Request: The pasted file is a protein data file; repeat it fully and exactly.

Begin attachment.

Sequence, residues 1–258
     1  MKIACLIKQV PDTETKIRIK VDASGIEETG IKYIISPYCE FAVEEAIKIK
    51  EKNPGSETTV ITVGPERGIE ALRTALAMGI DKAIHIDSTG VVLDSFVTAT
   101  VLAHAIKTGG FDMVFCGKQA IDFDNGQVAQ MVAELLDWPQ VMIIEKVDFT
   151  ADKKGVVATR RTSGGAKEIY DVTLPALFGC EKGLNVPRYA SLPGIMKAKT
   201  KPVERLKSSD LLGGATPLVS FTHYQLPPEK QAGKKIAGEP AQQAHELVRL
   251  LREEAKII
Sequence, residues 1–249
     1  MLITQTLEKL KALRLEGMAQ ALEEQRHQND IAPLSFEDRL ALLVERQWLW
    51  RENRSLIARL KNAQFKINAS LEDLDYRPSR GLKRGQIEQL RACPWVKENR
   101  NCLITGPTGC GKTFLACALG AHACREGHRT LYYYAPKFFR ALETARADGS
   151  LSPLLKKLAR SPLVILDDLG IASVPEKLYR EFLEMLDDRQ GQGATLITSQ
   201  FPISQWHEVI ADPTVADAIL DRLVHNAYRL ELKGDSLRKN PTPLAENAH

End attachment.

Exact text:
Sequence, residues 1–258
     1  MKIACLIKQV PDTETKIRIK VDASGIEETG IKYIISPYCE FAVEEAIKIK
    51  EKNPGSETTV ITVGPERGIE ALRTALAMGI DKAIHIDSTG VVLDSFVTAT
   101  VLAHAIKTGG FDMVFCGKQA IDFDNGQVAQ MVAELLDWPQ VMIIEKVDFT
   151  ADKKGVVATR RTSGGAKEIY DVTLPALFGC EKGLNVPRYA SLPGIMKAKT
   201  KPVERLKSSD LLGGATPLVS FTHYQLPPEK QAGKKIAGEP AQQAHELVRL
   251  LREEAKII
Sequence, residues 1–249
     1  MLITQTLEKL KALRLEGMAQ ALEEQRHQND IAPLSFEDRL ALLVERQWLW
    51  RENRSLIARL KNAQFKINAS LEDLDYRPSR GLKRGQIEQL RACPWVKENR
   101  NCLITGPTGC GKTFLACALG AHACREGHRT LYYYAPKFFR ALETARADGS
   151  LSPLLKKLAR SPLVILDDLG IASVPEKLYR EFLEMLDDRQ GQGATLITSQ
   201  FPISQWHEVI ADPTVADAIL DRLVHNAYRL ELKGDSLRKN PTPLAENAH